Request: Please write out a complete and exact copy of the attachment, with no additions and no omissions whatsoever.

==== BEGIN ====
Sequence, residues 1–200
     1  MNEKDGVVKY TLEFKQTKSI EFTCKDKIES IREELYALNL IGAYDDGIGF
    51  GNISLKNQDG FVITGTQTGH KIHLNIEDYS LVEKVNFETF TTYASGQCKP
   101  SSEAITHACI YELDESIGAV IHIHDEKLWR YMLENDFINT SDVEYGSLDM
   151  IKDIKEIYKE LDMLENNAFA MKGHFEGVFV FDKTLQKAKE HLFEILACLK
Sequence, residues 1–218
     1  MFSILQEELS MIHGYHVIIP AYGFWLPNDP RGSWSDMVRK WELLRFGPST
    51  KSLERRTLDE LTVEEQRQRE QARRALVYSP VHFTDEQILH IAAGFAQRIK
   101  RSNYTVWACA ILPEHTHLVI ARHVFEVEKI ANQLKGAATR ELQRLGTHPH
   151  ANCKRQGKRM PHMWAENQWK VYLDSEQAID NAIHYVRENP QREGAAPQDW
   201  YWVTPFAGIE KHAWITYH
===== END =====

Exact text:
Sequence, residues 1–200
     1  MNEKDGVVKY TLEFKQTKSI EFTCKDKIES IREELYALNL IGAYDDGIGF
    51  GNISLKNQDG FVITGTQTGH KIHLNIEDYS LVEKVNFETF TTYASGQCKP
   101  SSEAITHACI YELDESIGAV IHIHDEKLWR YMLENDFINT SDVEYGSLDM
   151  IKDIKEIYKE LDMLENNAFA MKGHFEGVFV FDKTLQKAKE HLFEILACLK
Sequence, residues 1–218
     1  MFSILQEELS MIHGYHVIIP AYGFWLPNDP RGSWSDMVRK WELLRFGPST
    51  KSLERRTLDE LTVEEQRQRE QARRALVYSP VHFTDEQILH IAAGFAQRIK
   101  RSNYTVWACA ILPEHTHLVI ARHVFEVEKI ANQLKGAATR ELQRLGTHPH
   151  ANCKRQGKRM PHMWAENQWK VYLDSEQAID NAIHYVRENP QREGAAPQDW
   201  YWVTPFAGIE KHAWITYH